President Barack Obama has shown his willingness to shred the Constitution and spy on American citizens. But he has been caught red handed in a major crime spree that I didn’t want to believe was possible.
This report shows The White House not only knew about the CIA spying on the United States Senate, but they were behind the spying! This is incredible.
At the time, CIA Director John Brennan had discussions with top White House Staff – including Obama’s Chief of Staff Denis McDonough – about an effort to scan hard drives of staffers used on the Senate Intelligence Committee. These staffers worked for Senator Dianne Feinstein (D-CA), and they wanted the secret details of the investigation on interrogation techniques by the CIA.
After becoming aware of the CIA’s snooping, Feinstein argued that the CIA had “likely violated the constitutional separation of powers,” according to The Huffington Post.
The White House, not surprisingly, declined comment, implying that Obama’s Administration agrees and is either scrambling for a defense or simply has none.
The new information suggesting the White House was aware of — and did not stop — the CIA’s computer snooping is unlikely to improve the existing distrust between Senate committee members and the executive branch. Feinstein has said that the CIA’s computer search likely violated the constitutional separation of powers, an allegation the White House has declined to directly address.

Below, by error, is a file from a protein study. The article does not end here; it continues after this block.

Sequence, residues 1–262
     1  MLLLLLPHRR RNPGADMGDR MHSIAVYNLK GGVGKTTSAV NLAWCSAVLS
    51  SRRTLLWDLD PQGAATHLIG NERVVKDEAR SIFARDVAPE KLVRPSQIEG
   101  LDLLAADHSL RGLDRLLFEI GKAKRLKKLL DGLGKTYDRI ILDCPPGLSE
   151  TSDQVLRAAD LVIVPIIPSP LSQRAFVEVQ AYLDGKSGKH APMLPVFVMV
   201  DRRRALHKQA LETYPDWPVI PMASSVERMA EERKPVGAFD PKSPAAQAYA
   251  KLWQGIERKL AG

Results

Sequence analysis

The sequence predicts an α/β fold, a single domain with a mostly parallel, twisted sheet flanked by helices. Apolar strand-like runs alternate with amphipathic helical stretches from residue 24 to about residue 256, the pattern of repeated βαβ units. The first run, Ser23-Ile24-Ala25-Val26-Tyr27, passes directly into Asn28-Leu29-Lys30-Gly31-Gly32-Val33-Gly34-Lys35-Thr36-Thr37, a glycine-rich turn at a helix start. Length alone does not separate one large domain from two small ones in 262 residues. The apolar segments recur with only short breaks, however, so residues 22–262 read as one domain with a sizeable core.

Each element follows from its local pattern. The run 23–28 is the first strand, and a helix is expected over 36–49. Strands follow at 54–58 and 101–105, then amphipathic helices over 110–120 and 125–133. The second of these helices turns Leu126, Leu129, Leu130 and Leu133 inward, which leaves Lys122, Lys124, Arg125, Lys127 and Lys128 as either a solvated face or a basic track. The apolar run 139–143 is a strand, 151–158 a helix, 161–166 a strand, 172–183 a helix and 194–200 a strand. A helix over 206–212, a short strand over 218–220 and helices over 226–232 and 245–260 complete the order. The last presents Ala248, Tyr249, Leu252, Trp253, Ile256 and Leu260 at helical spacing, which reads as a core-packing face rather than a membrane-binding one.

The Oval Office’s prior knowledge of the controversial computer review will no doubt worsen the tensions that have erupted over the matter between the executive branch, its chief intelligence agency and the lawmakers tasked with their oversight.
In January 2014, agency personnel became concerned that a set of sensitive, internal CIA documents known as the Panetta Review had somehow made their way into the hands of Feinstein’s investigators, who were working at a secure, off-site CIA facility to compile a 6,600-page study on the CIA’s post-9/11 torture program. To determine whether Senate staff had obtained the documents, five CIA employees — two lawyers and three IT personnel — sifted through a walled-off hard drive on the Senate’s side of a shared computer network. (The Inspector General later determined that those five employees had engaged in wrongdoing.)
After determining that the document did indeed exist on the Senate’s side of the highly secure computer system, an agency lawyer consulted Brennan. It was not immediately clear whether this lawyer was one of the five employees identified by the Inspector General, though the lawyer does write that he was “ultimately responsible for ensuring the security” of the shared computer system used to compile the torture study.